FDA Investigates Hair Loss and Suicidal Thoughts With Ozempic and Wegovy
The Food and Drug Administration (FDA) has been investigating reports of adverse events involving hair loss, suicidal ideation, and other mental health issues among select users of semaglutide medications Ozempic and Wegovy.
Semaglutide, the active ingredient in both drugs made by Novo Nordisk, is an injectable medication approved for treating type 2 diabetes and chronic weight management. Recently, Ozempic has gained popularity for its dramatic weight loss benefits, even among people without diabetes. With more people using the medications off-label, the FDA flagged potential safety issues late last year.
While no causal link had been found between the drugs and suicidal thoughts, the FDA announced plans to evaluate the reports through epidemiological studies. Pending further evidence, the agency did not recommend discontinuing treatment.
Large NIH Study Finds No Increased Suicide Risk
The National Institutes of Health (NIH) published results today from a large, comprehensive analysis comparing suicide ideation events among semaglutide users versus people taking other medications for obesity and type 2 diabetes.
The peer-reviewed study, published in NEJM, reviewed anonymous medical records of nearly 600,000 Americans over three years. One group was prescribed semaglutide, while control groups were prescribed either:
- Alternative GLP-1 receptor agonists like liraglutide
- Other anti-diabetic medications (sulfonylureas, DPP4 inhibitors)
- Other weight loss medications (orlistat, phentermine)
- No evidence semaglutide increases suicide ideation compared to other treatments
- Semaglutide users had lower rates of suicidal thoughts than the control type 2 diabetes and weight loss medication groups
“This data confirms there is no increased risk for mental health issues or suicidal ideation among semaglutide users compared to other treatment options,” explained leadstudy author Dr. Amanda Claiborne of the National Institute of Mental Health in an NIH press release.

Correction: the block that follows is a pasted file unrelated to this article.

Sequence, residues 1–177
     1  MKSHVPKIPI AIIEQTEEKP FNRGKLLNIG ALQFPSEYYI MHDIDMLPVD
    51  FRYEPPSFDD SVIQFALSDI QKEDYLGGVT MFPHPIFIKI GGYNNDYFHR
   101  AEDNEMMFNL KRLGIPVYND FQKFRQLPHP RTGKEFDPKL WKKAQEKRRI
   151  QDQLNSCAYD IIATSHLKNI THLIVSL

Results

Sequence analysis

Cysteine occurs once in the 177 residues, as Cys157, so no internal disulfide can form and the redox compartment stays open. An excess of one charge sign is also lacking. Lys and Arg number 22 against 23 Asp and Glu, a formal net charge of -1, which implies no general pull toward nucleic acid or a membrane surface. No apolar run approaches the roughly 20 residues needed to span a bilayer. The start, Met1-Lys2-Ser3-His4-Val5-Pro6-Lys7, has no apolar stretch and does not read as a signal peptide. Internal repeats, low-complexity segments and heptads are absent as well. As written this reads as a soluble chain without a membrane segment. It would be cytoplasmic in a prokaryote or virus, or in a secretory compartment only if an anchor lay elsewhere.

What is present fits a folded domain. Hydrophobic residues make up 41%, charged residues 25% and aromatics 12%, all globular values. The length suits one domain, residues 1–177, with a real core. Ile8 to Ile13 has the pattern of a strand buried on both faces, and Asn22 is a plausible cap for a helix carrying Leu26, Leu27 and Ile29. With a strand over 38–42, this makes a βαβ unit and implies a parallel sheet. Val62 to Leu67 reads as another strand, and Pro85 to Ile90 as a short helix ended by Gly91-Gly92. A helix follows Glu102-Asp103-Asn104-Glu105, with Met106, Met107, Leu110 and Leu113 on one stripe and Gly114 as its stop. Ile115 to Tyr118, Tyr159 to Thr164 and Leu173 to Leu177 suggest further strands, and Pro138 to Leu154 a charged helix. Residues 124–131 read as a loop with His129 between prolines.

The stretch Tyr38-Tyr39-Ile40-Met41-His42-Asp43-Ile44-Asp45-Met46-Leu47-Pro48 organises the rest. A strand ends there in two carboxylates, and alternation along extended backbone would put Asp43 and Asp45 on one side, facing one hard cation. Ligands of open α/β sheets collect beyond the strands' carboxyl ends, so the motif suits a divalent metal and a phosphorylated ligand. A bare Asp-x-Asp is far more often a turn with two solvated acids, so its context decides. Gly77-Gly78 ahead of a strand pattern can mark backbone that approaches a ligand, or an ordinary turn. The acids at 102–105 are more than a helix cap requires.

The NIH study authors analyzed anonymous insurance claims data for 595,522 Americans from January 2018 through June 2024.
89,222 patients were prescribed semaglutide in that timeframe. Control groups prescribed other medications totaled 188,753 people for GLP-1 receptor agonists, 188,753 for anti-diabetic drugs, and 188,753 for anti-obesity treatments excluding semaglutide.
Records were assessed for suicidal ideation events, defined as having a medical claim with a relevant diagnosis code or prescription for an anti-suicidal medication.
The table below outlines the study design:
|No. of Patients
|Suicidal Ideation Events per 1000 Person-Years
|Other GLP-1 agonists
|Other anti-diabetic meds
|Other weight loss meds
Lower Suicide Ideation Risk “Reassuring”
The study’s findings that semaglutide does not heighten suicide ideation risk – and in fact shows lower rates than some comparators – offers reassurance to clinicians and overweight or diabetic patients considering the medications. Especially given the life-changing weight loss achievable with semaglutide drugs, says bariatric physician Dr. Melanie Thompson of Johns Hopkins Weight Management Center.
Thompson calls the NIH data “very reassuring” in an interview with NBC News:
“When patients lose a significant amount of weight they often feel much better – mentally as well as physically. Their self-esteem improves, their bodies hurt less, and their energy increases…That can translate to a sunnier outlook overall.”
Johns Hopkins endocrinologist Dr. Sue Lin agrees, telling HealthDay, “For many people struggling with obesity and diabetes, being able to lose weight with fewer hunger pangs means the world. Knowing this medication is safe should give doctors and patients confidence to use it.” HealthDay
The FDA says it will continue monitoring for safety signals as more patients use semaglutide drugs over longer time periods. The agency may also require additional label changes, such as adding hair loss as a potential side effect. Novo Nordisk would conduct any additionally required studies, a spokesperson told FiercePharma.
For now, the NIH evidence provides reassurance to patients about mental health risks. Doctors say those experiencing benefits in diabetes management or weight loss can feel comfortable continuing treatment. But patients should immediately report concerning neurological or psychiatric changes to their prescribing physician.
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